Spitting out her beauty and disgust, –She jiggled ghosts and skeletons, –Emptied blood and I was there. –I cleaned up her mess, –I fed her dog and I made her bed. –I watered the garden by the pyramid –And it blossomed.
In life or death, I must see her again. –She’s just like me; –God and the devil –Wrapped up in one tamale.
Rome in a Day
Rome sits on its seven haunches –And the pines, with fountains in their branches, –Old road markers in the Appian sun, –Are stolid, green and well run. –A conservative morning begins with dawn –And makes its logical way as a pawn –Is moved one square at a time –To Noon. It seems all right, but I’m –Conscious of a skip in my heartbeat, –And the day pops like corn in the heat –Of a sudden three o’clock. The wrench –Of time ticks in my ears. I hunch –My watch into a shadow to hide –It’s face from the white glare. Inside, –The gold hands turn green and catch –On the number six. I light a match –To see if they will stick there –As the fountains, with pines in their sprays, share –Their fate, dwindle and dry in the light –And Rome gets marching into the night.
A Swallow Speeds On
Morning: Two eggs, coffee with cream. –A fly noisily zigs and zags. –Noon: Ham and cheese on bread. –A butterfly silently flits and flits. –Evening: Steak and French Fries. –A hummingbird looks on while hovering. –Night: Four cookies and milk. –A bat menacingly zooms.
Invent the waves and vivid pools with me, –Cool, industrious, dibbling at our toes, –And let your knees snatch back at laps of sea. –Wade deeper toward the hole where seaweed grows, –Kick lively now, hitch up your sagging suit –And hold my hand. If you cannot see, –Loosen your grip, sit on my friendly foot, –Relax and let your hair float out to me. –I’ll pull you to a swirl for us alone –Where we can touch and float asleep or wake –And be content awhile with what we’ve sown. –To love where all we give is all we take, –As fishes waken from their restless sleep –To watch us drifting till we’re in too deep.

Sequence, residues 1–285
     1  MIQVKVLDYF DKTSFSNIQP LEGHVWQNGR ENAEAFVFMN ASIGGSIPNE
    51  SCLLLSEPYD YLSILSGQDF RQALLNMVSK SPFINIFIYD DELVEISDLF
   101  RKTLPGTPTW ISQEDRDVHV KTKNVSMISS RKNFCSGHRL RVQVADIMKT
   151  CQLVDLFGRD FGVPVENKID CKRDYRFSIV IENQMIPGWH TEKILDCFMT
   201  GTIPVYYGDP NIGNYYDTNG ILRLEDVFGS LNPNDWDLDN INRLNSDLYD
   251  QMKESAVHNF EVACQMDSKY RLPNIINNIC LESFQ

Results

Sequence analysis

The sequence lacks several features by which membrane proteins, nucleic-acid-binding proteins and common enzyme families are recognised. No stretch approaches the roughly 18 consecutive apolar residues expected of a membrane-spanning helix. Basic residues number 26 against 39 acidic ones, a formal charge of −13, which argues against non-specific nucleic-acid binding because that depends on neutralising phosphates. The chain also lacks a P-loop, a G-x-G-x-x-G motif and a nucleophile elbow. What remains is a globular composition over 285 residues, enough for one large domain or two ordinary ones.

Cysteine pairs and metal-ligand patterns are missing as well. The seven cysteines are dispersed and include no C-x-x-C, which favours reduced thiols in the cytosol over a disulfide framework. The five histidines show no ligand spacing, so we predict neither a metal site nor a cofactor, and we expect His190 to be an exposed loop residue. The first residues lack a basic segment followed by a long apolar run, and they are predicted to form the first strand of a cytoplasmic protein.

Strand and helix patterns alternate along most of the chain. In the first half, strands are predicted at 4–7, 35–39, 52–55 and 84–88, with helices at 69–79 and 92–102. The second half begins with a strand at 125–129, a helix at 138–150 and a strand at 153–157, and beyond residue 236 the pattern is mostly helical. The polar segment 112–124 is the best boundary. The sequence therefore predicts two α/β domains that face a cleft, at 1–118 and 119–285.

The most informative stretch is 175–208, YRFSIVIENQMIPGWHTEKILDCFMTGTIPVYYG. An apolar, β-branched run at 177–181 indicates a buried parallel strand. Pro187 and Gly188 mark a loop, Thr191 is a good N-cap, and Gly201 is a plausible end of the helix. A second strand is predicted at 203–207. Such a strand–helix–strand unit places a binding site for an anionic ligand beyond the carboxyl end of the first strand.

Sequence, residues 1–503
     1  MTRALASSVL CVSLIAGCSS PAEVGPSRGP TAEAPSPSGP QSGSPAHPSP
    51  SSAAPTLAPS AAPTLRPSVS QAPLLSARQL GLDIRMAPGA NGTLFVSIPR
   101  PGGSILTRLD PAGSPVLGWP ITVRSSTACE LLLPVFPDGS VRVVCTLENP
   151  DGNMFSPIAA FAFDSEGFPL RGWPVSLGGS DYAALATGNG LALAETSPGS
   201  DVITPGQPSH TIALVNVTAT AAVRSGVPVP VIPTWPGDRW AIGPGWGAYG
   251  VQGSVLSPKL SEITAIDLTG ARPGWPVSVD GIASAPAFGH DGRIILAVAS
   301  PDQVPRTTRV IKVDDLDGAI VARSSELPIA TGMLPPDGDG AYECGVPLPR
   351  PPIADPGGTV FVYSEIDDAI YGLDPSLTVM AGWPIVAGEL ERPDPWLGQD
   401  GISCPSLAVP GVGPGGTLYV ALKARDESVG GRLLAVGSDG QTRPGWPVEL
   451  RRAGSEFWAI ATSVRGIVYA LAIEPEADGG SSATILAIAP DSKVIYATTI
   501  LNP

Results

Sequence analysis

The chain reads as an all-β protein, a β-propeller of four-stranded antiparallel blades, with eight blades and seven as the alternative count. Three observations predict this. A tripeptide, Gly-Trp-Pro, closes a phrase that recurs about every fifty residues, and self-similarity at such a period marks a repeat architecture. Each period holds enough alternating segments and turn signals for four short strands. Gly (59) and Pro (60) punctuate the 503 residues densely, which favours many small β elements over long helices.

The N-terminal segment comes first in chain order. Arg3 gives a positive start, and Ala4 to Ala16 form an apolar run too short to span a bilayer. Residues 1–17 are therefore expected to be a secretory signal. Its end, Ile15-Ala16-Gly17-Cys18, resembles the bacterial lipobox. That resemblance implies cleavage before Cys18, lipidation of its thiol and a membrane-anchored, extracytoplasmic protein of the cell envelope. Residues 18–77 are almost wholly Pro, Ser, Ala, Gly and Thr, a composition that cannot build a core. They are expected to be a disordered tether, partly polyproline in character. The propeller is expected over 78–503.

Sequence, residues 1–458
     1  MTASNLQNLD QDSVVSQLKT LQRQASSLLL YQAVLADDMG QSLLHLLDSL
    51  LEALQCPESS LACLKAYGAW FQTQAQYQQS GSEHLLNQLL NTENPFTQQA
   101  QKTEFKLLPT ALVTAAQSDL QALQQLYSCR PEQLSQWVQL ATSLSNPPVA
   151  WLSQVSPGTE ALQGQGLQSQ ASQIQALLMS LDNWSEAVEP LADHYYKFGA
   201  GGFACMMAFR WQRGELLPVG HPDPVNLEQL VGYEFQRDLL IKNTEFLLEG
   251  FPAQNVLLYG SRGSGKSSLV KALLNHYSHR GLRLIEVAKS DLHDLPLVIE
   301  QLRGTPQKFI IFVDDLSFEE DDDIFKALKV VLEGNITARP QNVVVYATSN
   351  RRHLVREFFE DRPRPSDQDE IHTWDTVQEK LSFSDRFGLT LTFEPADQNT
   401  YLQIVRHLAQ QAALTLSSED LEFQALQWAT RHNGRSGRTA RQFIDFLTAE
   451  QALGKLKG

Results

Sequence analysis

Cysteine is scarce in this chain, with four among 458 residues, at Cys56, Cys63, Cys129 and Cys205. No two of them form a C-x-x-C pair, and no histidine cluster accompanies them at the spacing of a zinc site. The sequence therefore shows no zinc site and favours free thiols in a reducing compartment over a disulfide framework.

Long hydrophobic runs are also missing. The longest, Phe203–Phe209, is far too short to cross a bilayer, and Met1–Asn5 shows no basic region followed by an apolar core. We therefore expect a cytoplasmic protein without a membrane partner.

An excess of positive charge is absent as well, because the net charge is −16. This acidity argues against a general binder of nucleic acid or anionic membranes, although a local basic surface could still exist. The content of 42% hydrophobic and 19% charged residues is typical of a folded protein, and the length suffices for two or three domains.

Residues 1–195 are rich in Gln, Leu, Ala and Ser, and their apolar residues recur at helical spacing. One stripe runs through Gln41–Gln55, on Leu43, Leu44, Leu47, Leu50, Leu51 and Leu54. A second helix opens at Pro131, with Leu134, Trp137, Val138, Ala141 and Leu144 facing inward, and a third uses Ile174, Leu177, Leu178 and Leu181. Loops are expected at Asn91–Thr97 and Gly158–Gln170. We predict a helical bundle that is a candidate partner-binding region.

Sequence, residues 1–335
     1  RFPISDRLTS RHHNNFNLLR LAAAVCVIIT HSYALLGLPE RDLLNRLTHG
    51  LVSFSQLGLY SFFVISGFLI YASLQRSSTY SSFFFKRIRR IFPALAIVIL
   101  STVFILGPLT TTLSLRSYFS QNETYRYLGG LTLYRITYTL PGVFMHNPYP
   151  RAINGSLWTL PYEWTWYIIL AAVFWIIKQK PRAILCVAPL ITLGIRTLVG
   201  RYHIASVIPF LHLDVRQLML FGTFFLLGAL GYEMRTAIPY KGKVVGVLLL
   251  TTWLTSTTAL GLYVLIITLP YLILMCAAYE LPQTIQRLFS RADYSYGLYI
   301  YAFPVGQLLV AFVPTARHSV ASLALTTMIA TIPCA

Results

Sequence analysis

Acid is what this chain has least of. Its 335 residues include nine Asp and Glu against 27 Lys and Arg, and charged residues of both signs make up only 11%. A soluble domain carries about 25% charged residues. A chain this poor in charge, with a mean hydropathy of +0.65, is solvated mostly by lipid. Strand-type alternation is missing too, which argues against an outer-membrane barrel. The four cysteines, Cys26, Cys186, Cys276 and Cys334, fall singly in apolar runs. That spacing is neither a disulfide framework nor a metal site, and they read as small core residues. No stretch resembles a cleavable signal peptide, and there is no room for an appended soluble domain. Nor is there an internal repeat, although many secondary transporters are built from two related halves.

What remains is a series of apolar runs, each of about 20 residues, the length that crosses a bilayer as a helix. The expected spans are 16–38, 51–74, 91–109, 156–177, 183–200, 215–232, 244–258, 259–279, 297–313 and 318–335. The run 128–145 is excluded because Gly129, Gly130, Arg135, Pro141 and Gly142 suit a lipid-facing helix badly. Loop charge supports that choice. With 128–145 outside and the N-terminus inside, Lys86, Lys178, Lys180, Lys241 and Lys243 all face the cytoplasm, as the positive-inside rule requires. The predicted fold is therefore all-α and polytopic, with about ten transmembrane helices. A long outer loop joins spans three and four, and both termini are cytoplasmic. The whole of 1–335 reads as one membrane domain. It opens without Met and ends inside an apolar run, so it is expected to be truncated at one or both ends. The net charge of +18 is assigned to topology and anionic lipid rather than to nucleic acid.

Two soldiers, one all white, one all red, –Guard the north wall of the cubed room. –Squat, each with a pedal –To open the lids hands-free. –Fourteen inches square, fifteen high, –Steel with polished mechanisms, –Spare, utilitarian, –Made in Switzerland. –Plastic liner bags skirt the tops, –Peek from the edges of the covers –Like play-filled children unready for sleep. –The sentinels neither bark nor rattle. –They stand so white and so red –Keeping all predators at bay.
At The Center
“In Emergency Push To Open,” –The automatic doors read on the unwashed, dribbly glass. –The further, outer door carries the same remark. –Between the first and second lies a cross-hatched –Block-built carpet, mole-grey brown. –The door to the entrance-garden has the same dribbles –And moves just as automatically. –Inside the inside, thick nurses, men and women, pad by. –Television gurgles softly, patients and personnel murmur, –Little clicks and taps identify heels and wheels, –Medical machinery and dropped tongue depressors. –Outside the outside, greenstuffs, and –Traffic tooting and squealing. –Between the inside and the outside lies a –Cross-hatched, block-built, mole-grey brown –Carpet.
By Jack Wilson
Jack Wilson is a poet and artist from Los Angeles and Phoenix. His poems have been published in the New York Times, The New York Herald-Tribune and numerous magazine. He founded a poetry magazine in Tempe, Arizona called “All Too Soon”, which was distributed at Changing hands Bookstore and other establishments.
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